Tech PgMs, on the opposite, have so many teams/products on their plate, that it is literally impossible to get to details level and it is not their superpower — instead, they operate in breadth. Then, Tech PgM should be technical enough to understand the scope and connect the dots (e.g. Messaging, Search, Payments), but no near-engineering knowledge is required. Of course, it is appreciated and some Tech PgMs can go really deep — there is usually just not enough time for this.

Day-to-day work

Life of Tech PM is all about Product creation and every day is filled with classical activities: standup, team brainstorming, planning, stakeholder catch-ups, and silent thinking (hopefully :) ). Main artifact of PM work: product and its features, main metrics — customer satisfaction.
For Tech PgM, the main goal is to drive the product to the completeness and everyday activities contribute to it: stakeholder alignments (team A, B, and C met to discuss a new feature and agreed on the way forward), resolving blockers (team A delays the new feature and Tech PgM should find a way to unblock team B dependent on this feature), escalations (team B is going to start a big fuss about delaying project X and some urgent meeting needed immediately), etc.
Main artifacts of the Tech PgM are project plans (requirements, dependencies, main stakeholders, escalation paths, Gantt charts — with the level of Project Management magic PMs can only be jealous about) and weekly/monthly/ quarterly updates. Main metric: project completeness and stakeholder happiness along the way.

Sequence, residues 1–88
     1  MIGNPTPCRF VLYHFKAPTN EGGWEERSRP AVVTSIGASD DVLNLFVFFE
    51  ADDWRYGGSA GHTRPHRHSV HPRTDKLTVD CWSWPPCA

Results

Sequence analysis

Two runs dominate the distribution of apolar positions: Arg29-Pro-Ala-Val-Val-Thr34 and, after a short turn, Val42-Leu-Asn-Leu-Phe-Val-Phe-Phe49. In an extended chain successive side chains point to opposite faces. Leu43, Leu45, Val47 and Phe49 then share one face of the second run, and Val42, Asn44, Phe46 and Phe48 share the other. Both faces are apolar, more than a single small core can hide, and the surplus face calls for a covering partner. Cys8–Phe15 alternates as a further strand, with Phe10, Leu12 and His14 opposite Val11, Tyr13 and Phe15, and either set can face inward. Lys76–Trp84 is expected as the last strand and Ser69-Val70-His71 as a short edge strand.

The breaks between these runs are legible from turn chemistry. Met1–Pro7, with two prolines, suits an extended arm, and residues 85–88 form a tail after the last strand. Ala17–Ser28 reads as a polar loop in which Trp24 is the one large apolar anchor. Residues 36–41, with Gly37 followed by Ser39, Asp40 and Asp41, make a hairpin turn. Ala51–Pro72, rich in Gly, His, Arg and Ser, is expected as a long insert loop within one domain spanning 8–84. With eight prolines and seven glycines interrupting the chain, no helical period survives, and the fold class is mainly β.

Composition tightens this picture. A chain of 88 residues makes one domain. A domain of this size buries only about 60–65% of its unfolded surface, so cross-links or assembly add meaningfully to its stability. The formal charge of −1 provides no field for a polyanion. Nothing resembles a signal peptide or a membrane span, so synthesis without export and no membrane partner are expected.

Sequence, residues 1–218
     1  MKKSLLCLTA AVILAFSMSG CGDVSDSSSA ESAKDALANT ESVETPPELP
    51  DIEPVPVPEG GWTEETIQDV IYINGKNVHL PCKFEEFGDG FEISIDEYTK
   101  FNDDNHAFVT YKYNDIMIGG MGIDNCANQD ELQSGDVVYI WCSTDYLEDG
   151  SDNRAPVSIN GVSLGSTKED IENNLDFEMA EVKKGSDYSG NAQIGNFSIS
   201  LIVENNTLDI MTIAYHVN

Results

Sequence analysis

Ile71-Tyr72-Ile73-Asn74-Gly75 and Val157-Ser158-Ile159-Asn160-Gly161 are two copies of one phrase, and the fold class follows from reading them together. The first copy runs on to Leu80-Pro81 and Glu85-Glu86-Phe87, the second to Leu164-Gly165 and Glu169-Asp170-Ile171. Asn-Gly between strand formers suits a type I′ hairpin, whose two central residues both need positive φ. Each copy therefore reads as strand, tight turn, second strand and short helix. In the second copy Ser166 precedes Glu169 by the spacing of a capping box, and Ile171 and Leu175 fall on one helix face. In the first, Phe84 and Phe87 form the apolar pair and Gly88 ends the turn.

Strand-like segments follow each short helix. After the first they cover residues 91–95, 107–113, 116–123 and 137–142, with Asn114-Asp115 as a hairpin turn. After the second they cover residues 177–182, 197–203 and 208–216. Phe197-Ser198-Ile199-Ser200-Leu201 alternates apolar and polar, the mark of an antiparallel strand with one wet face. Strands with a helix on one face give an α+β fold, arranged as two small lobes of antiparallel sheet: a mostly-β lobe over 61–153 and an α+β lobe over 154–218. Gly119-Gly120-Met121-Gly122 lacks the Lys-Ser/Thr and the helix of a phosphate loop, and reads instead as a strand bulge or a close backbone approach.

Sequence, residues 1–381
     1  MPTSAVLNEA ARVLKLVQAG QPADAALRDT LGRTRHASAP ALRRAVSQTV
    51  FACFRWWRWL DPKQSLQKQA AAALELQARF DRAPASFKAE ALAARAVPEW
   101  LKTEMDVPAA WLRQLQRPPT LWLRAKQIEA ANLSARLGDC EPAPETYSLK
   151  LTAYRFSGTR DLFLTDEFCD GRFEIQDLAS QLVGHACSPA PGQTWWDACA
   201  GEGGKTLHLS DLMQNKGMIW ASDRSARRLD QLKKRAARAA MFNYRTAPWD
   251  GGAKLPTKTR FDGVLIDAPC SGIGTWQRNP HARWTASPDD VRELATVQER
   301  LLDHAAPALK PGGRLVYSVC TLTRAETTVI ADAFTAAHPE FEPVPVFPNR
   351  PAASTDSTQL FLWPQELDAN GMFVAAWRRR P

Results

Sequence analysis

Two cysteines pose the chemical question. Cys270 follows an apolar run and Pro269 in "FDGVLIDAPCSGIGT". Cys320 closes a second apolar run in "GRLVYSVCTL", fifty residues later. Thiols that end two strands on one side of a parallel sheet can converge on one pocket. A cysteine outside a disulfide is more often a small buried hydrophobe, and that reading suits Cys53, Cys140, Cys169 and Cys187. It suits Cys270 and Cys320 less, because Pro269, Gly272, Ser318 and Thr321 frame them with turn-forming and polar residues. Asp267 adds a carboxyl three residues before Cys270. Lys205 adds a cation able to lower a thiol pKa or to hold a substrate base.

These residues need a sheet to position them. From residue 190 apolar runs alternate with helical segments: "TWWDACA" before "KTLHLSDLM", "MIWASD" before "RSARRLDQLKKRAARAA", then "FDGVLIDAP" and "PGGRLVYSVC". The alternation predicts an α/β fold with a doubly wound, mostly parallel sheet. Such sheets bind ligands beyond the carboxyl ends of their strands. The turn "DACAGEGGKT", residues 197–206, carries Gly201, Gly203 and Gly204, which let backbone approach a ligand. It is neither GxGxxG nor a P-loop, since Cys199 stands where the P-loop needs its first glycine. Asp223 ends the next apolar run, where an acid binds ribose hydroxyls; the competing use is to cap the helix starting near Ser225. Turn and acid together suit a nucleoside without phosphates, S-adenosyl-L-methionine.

How Tech PM and TPM play together

In the correct organizational setup, they form two exactly orthogonal forces: Tech PMs are responsible for depth per area and Tech PgM helps to drive things across. If they work well, then a combination of 1 strong Tech PgM and 5–20 Tech PMs can deliver things of tremendous complexity.

When there is friction between Tech PM and TPM

If Tech PgM starts to act as a middle layer between clients/their requirements and a product team, Tech PM might rightfully perceive it as inference in the well-working stakeholder communication process. Tech PgMs should not forget that they are the drivers of the whole program train, but they can only influence (but never define) how each car evolves during the ride.
At the same time, when Tech PMs start to go above their product and act as a high-level project connector, Tech PgM might rightfully remind about breadth and depth to ensure that the train does not diverge from the planned destination due to too many cooks in the kitchen with no one taking care of the individual cars.

What’s next

I hope now you can see the difference between Tech PM and Tech PgM roles and how they play together to cover both the depth and breadth of complex technical projects.
In the next article, we’ll continue to define the Technical Product Manager role (now through comparison with a Software engineer) and how a role transition from the former to the latter happened in my case.
If you already want to become a Tech PM, check out the game-like simulator of PM job I created — great way to practice theoretical skills on real industry examples.